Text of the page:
Homily for November 30, 2014 – The First Sunday of Advent

A reading from the holy Gospel according to Mark:

advent-wreath-one-candle-seton-bulletin1Jesus said to his disciples:
“Be watchful! Be alert!
You do not know when the time will come.
It is like a man traveling abroad.
He leaves home and places his servants in charge,
each with his own work,
and orders the gatekeeper to be on the watch.
Watch, therefore;
you do not know when the Lord of the house is coming,
whether in the evening, or at midnight,
or at cockcrow, or in the morning.
May he not come suddenly and find you sleeping.
What I say to you, I say to all: ‘Watch!’”

I have always been afraid of being caught unprepared. When I was in high school, I had a recurring dream – nightmare, really – that I would come in to class one morning and find out there was a test that day. Everyone else knew about it; everyone else had studied for it; everyone else was ready for it. I never got the memo. I would wake up in a panic, absolutely certain that there was a major exam and I was not ready.

In college, I had the same sort of dream… but it had changed. Instead of not being ready for a test, suddenly it was the end of the semester and I realized I had a class I had forgotten all about. I had signed up for it, but then forgotten that I did and I had never once been to class. Never once completed an assignment. I had completely forgotten it until it was time to take the final, then I remembered it just in time to discover that I couldn’t even find the classroom.

Next came grad school, and the nightmares continued. I was working on my Master of Sacred Theology degree and – sure enough – I’d have nightmares that I came to class and found out there was an unexpected test. But this time I was ready for it! I studied every night. I read everything on the required reading lists and most everything on the suggested reading list. There was no way I was not ready for anything they could throw at me… or so I thought… until the professor handed out the test and it was in Koine Greek.

After that, it was off to the seminary. Guess what. Same sort of dream. There was a project I was supposed to have complete and I didn’t. Everyone else had his done. I hadn’t even started. You would think a monk would have a little bit of sympathy, but not in my dream world. Nope. Not only was there no sympathy, but Brother Cyprian laughed at me. If any of you know Brother Cyprian, you know why that is so terrifying.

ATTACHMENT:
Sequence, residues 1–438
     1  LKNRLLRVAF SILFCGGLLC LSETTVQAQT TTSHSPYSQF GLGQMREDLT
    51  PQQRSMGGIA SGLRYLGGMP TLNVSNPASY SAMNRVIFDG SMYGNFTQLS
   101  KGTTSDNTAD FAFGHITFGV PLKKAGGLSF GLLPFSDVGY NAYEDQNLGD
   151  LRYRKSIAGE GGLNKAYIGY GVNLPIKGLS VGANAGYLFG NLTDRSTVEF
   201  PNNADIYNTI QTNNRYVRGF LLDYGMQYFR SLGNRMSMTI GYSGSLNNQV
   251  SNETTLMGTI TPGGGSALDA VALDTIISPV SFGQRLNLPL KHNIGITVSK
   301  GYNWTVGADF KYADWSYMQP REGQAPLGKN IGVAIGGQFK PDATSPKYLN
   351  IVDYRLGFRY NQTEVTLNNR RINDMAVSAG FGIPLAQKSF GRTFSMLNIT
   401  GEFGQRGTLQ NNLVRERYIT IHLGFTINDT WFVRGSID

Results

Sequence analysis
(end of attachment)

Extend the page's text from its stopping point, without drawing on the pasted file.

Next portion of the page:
Before a man is ordained, Canon Law states that he must have an individual meeting with the bishop who will ordain him. The night before my canonical meeting, I dreamed I got to the Catholic Center and my entire class was there, all seated at desks. I sat down at the last desk and, just as I did, the classroom door opened and in came Deacon Ralph in his Master of Ceremonies vestments, swinging an incense censer. The Bishop was behind him, wearing his most formal and ornate vestments and his bishop’s miter, walking with his crozier, and handing out Number 2 pencils for the final exam I’d never been told about.

“Be watchful! Be alert!” Our Lord tells us. “You do not know when the time will come.” We know that Our Lord will return; we do not know when. Our Lord wants us to be prepared for His return. He may not come for another thousand years. He might return in the next minute.


Do we live as if Christ may come in the next minute? Does our nation conduct its affairs in a manner that would reflect credit upon it if Christ were to return today? Or would we be more likely to cry out with Isaiah: “Behold, you are angry, and we are sinful; all of us have become like unclean people, all our good deeds are like polluted rags; we have all withered like leaves, and our guilt carries us away like the wind. There is none who calls upon your name, who rouses himself to cling to you; for you have hidden your face from us and have delivered us up to our guilt.”